Yes this would work, the blockchain has no idea which motion is real an which not. However, note that anyone else could also add this motion just to fake the statistics.
Yes but are all the motions going to the block or just one at a time? If all the motions go to the block then we could differentiate “fake statistics” from real ones programmatically. A real datafeed vote would include all the motions of the representative including their identifier.
Its all motions, but also the data feed provider may change the content of the feed - theoretically on each block (which could even make sense to model a weighting of votes). So from the set of motions itself you can not be 100% sure about the origin.
I would disagree with it. If at any point of time we have a set of motions that includes the fingerprint of a representative then we can compare that set with the representative’s motions as given in their datafeed URL. This means that solely from the block chain we wouldn’t be able to reconstruct the history of the proportion of the datafeed in overall votes but we would be able to get the proportion at the current moment. Seeing the current state is better than having no knowledge at all. The history of the representative’s votes could be logged by means outside the block chain.
Ah got it. So you want to compare it to the live data. Yes that would certainly work! In this case I guess the data feed provider should ideally always add a random motion.
Yes, adding a salt to the list of motions seems like a good idea.
deleted 876e10611809f3a90f2216fb61f107d3b7c9c469 because it passed.
There are some issues:
- privacy: the data feed consumer may not want to reveal he’s using this data feed
- security: if it’s clear a data feed has a large consumer base then it becomes a target
The data feed system was designed with the goal that you can’t differentiate someone voting by himself from someone using a data feed. This is not completely achieved but adding an identifier would be a step in another direction.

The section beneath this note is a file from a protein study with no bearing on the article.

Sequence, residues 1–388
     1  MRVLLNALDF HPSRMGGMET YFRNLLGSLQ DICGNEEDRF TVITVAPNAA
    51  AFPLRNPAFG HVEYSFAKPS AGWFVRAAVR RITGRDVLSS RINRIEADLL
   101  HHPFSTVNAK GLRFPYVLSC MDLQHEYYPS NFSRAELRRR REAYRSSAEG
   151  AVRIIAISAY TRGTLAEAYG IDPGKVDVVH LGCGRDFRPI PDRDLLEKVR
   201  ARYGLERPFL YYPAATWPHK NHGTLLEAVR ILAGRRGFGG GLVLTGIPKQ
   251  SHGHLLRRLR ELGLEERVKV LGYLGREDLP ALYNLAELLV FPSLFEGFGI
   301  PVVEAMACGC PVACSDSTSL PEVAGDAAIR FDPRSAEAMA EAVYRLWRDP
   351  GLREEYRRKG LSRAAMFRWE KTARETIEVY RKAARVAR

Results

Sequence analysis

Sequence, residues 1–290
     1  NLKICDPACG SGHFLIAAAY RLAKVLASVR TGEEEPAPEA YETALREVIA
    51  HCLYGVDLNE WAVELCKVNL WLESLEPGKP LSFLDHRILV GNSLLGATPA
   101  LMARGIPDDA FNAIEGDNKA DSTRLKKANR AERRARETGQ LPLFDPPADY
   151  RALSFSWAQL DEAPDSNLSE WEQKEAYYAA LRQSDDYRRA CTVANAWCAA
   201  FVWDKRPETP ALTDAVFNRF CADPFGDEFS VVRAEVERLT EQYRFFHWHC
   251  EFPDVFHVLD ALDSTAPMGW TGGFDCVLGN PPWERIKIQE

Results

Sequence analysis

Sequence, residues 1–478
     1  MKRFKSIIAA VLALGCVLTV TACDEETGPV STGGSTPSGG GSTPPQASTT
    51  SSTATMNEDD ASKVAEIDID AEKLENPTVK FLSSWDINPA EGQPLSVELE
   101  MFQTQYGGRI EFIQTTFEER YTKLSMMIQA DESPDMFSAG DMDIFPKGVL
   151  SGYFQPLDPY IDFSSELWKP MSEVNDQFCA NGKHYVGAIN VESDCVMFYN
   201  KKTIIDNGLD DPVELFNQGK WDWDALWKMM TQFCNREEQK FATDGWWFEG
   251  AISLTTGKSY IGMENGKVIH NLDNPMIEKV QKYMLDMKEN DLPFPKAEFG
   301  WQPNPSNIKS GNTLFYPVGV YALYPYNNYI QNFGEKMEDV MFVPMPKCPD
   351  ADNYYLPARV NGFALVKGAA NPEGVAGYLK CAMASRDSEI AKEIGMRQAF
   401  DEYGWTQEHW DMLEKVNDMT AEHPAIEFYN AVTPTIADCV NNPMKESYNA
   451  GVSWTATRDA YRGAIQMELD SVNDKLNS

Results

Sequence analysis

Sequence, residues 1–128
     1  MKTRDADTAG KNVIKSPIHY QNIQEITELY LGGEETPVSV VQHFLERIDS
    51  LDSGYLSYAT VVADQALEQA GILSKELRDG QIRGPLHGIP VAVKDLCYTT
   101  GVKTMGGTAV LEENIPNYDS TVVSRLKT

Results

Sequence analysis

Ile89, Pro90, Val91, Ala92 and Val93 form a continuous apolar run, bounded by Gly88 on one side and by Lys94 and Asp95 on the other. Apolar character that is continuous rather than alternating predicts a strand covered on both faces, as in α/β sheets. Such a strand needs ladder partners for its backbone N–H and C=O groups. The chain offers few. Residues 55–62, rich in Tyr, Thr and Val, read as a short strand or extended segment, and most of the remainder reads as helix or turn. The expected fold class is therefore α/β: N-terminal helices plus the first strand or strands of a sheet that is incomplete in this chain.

Ok that’s a good point, I guess. But from the attacker’s point of view, isn’t it possible to approximate a data feed’s popularity anyway? If that can be done then it’s easy to still target popular data feeds. Does this secrecy really solve a problem or is it just an easy obstacle for the attacker?
There will probably always be a way to statistically identify data feed popularity. But there are ways to make that less reliable (maybe up to making it useless, or nearly equivalent to identifying popularity of the voted items).
Or, we could take a conservative means to defend against a targeted attack on popular data feeds — by replicating the data feed. We could even go as far as to include the datafeed in the block chain itself. Then, an attack on the data feed would become equivalent to an attack on the whole nubits network.
Voting in favor of Nu Lagoon.
Reduced parking rate from 25% to 10% because I believe Nu has increased buy liquidity sufficiently.
Deleted Nu Lagoon motion because it passed.
- Reduced park rates from 10% to 5%
Reason: At the time of this writing Nu has 70k of parked NBTs.
The buy side and sell side are balanced around 50k each.
There is no selling pressure.
removed bittylicious custodian grant vote because it passed.
deleted 1ce96336ac866c29cbcbf0908b0752b0065a3af4 because it is not relevant any more.
added: BNUpooLxGbHXSs7Qcwi5EBXzZ82BbWwsMN, 1800 : Trust-less liquidity pool operation on Bittrex
How many nushareholders are subscribed to this datafeed?
Is datafeed subscribing efficient?
I guess there are only a handful of suscribers.